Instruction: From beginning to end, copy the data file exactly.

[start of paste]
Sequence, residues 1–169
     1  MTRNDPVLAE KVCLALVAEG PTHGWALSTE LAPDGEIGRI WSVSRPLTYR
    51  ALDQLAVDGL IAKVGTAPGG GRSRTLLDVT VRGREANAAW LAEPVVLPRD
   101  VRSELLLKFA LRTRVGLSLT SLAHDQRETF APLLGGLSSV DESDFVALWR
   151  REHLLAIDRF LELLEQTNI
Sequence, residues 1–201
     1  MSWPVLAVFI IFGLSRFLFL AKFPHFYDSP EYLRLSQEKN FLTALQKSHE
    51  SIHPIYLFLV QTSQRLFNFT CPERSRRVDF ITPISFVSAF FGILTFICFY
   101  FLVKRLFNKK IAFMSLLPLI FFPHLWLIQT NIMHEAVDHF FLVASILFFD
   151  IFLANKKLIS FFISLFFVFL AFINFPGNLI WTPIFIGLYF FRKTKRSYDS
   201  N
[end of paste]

Sequence, residues 1–169
     1  MTRNDPVLAE KVCLALVAEG PTHGWALSTE LAPDGEIGRI WSVSRPLTYR
    51  ALDQLAVDGL IAKVGTAPGG GRSRTLLDVT VRGREANAAW LAEPVVLPRD
   101  VRSELLLKFA LRTRVGLSLT SLAHDQRETF APLLGGLSSV DESDFVALWR
   151  REHLLAIDRF LELLEQTNI
Sequence, residues 1–201
     1  MSWPVLAVFI IFGLSRFLFL AKFPHFYDSP EYLRLSQEKN FLTALQKSHE
    51  SIHPIYLFLV QTSQRLFNFT CPERSRRVDF ITPISFVSAF FGILTFICFY
   101  FLVKRLFNKK IAFMSLLPLI FFPHLWLIQT NIMHEAVDHF FLVASILFFD
   151  IFLANKKLIS FFISLFFVFL AFINFPGNLI WTPIFIGLYF FRKTKRSYDS
   201  N